Another significant achievement of course has been the impact of the united farmers’ struggle in resisting communal and divisive politics of the BJP-RSS nexus. The united farmers and workers struggles have brought the real class and livelihood issues into mainstream national politics.  The struggle has been able to forge cross caste and religious unity among the basic producing classes in some areas. This is by no means a small feat. The lesson is only class struggles based on the real livelihood issues are capable of uprooting communal and divisive politics.

At the national level in the coming days, the way is open for the basic classes to make advances against the communal and caste-based electoral division of the people, which act as the mainstay of BJP politics. This marks a blow to the communal politics in modern India, heavily relied on by the corporate forces to divide the exploited classes. Both the extreme as well as soft communal politics for electoral gains being practised by the right-wing political parties can be countered by these emerging issue-based class struggles and movements.

The unity of the peasants and workers, the unity of the people against the corporate forces and the larger unity of the Left, democratic and secular forces against the corporate and communal forces is the mainstay of national politics in India today. How different political parties will respond to this new emerging situation is the most crucial aspect. The severe economic crisis in the country and political isolation will push the BJP further to suffer reverses in the electoral process. Such a trend has emerged. How an alternative to the BJP takes shape at the national level will depend on the growing struggles of the producing classes. Hence the alternative to the BJP in national politics will depend more so on the non-parliamentary struggles than on electoral battles.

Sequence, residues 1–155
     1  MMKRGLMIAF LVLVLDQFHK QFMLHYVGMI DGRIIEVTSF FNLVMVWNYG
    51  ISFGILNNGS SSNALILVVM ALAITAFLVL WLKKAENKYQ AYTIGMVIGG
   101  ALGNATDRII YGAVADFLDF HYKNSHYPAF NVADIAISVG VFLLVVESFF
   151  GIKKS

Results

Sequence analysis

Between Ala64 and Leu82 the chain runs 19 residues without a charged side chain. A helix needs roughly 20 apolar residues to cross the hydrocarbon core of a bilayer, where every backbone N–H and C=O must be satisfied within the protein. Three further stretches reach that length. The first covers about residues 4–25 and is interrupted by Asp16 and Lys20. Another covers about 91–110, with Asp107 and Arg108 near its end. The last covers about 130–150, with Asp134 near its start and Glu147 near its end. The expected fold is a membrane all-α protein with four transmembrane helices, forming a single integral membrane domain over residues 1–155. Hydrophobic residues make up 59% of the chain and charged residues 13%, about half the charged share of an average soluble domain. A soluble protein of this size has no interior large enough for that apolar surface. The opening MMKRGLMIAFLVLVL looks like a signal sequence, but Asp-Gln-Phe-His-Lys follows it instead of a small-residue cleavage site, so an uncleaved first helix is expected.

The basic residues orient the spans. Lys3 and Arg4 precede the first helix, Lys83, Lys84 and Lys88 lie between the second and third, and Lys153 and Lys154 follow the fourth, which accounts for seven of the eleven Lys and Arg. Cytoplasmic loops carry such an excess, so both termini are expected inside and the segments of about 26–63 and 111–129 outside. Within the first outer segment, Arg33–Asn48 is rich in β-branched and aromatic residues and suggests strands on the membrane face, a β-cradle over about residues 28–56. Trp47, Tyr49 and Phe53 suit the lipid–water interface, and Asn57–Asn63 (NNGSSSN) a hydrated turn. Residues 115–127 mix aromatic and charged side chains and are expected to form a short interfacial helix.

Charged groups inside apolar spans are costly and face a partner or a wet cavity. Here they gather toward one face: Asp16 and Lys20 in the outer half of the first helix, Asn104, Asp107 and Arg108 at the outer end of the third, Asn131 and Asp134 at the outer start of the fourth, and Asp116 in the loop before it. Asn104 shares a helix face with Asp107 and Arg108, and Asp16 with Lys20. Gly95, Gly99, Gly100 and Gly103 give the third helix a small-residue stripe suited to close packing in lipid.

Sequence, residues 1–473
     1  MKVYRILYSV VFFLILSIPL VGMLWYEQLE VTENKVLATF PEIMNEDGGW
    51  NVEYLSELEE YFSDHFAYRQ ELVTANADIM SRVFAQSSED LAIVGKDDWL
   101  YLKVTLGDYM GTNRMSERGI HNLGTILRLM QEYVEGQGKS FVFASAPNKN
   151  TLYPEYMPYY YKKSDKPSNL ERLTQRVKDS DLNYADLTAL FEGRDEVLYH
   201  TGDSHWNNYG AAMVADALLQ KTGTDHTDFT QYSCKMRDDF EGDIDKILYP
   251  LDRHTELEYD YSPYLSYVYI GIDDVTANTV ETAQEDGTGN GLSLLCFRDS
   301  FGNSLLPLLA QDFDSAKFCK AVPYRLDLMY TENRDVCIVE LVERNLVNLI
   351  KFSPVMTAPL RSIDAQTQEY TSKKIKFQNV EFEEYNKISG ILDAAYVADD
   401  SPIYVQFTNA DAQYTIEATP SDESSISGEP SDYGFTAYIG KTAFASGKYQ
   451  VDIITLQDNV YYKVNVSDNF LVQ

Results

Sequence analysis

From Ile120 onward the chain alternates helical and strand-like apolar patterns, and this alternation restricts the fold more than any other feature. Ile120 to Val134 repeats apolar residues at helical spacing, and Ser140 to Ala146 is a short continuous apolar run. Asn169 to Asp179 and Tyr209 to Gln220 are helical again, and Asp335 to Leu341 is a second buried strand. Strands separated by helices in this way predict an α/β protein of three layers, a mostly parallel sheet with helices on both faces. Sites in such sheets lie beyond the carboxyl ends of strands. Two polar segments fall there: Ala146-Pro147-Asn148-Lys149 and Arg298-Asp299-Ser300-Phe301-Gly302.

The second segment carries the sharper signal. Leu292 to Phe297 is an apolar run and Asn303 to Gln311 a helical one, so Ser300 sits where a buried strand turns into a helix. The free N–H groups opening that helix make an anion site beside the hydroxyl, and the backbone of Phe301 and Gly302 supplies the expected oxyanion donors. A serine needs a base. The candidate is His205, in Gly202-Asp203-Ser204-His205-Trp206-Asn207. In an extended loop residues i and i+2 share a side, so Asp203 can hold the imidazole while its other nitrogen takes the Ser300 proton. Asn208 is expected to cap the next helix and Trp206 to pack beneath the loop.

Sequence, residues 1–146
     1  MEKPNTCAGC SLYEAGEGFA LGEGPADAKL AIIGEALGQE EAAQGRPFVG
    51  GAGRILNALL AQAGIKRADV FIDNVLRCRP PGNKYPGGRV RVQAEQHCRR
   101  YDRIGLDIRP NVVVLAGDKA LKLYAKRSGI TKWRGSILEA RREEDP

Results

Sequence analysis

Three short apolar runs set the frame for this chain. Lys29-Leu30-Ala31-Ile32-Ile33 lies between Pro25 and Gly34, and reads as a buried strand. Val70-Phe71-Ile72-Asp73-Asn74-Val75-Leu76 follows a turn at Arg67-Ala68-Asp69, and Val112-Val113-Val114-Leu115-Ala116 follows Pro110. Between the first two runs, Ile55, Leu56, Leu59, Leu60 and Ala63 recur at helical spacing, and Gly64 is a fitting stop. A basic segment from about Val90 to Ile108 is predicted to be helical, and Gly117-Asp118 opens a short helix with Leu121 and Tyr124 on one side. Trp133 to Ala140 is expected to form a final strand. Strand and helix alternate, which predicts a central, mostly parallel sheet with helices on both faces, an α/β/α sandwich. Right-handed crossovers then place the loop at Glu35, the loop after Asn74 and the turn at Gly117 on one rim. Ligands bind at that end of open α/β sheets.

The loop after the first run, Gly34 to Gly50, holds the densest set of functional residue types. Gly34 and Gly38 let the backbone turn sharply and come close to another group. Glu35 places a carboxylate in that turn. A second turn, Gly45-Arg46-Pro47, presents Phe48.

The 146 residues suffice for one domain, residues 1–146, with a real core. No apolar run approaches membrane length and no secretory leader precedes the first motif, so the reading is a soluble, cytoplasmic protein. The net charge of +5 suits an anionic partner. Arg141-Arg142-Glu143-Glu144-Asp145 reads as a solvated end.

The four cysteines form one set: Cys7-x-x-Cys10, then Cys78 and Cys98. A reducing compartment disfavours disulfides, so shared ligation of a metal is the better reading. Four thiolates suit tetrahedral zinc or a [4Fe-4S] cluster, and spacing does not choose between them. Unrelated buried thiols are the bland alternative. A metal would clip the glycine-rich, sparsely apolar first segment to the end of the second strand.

In this context, the working class, as well as the peasantry, has to further consolidate with confidence and continue to plan and unleash larger, mightier struggles in order to protect the interests of the entire people from imperialist exploitation. Extending the coordination between the SKM and CTUs to the state and district level and eventually up to the six lakh villages and towns of India is the way to further advance the worker-peasant unity and achieve the objective of larger unity of the people against corporate forces and Imperialism. This will make India an important centre of the struggle against the imperialist-dictated neo-liberal order. Thus, the ongoing agitation will mark a new stage in India’s struggle from imperialist exploitation – the present order of corporate-driven neo-liberalism.